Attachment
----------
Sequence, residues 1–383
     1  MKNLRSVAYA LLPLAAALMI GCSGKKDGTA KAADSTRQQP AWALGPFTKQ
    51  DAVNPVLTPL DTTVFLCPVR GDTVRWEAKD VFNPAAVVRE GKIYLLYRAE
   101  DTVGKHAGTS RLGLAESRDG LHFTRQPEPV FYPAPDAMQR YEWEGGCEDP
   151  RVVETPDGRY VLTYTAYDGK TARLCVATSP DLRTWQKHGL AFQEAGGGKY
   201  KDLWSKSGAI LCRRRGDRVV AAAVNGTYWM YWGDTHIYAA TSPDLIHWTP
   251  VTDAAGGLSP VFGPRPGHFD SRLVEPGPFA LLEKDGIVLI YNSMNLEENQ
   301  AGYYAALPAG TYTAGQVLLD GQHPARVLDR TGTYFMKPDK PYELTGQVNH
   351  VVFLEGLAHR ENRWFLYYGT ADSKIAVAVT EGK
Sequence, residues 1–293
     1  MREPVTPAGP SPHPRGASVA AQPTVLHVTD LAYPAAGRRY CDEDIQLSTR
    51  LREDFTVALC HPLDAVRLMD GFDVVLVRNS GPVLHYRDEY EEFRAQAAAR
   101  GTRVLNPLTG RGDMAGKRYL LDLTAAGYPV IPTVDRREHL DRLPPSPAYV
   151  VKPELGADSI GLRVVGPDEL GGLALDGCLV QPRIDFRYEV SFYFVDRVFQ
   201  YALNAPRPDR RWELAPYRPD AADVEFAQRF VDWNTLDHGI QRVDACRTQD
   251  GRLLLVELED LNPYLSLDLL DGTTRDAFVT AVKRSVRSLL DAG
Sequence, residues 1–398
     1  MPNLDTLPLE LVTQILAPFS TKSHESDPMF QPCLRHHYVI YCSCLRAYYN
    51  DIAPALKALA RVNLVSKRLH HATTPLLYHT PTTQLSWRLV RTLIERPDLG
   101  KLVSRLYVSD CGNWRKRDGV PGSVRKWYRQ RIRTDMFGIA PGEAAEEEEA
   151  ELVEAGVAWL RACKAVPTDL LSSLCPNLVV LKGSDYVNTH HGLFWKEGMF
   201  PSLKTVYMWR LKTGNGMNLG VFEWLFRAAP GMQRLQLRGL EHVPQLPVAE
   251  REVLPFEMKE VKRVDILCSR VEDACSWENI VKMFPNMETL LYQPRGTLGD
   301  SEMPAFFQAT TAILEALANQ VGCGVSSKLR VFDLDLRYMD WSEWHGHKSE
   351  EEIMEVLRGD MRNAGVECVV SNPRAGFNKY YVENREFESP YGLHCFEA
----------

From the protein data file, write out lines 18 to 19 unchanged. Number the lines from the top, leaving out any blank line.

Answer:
     1  MPNLDTLPLE LVTQILAPFS TKSHESDPMF QPCLRHHYVI YCSCLRAYYN
    51  DIAPALKALA RVNLVSKRLH HATTPLLYHT PTTQLSWRLV RTLIERPDLG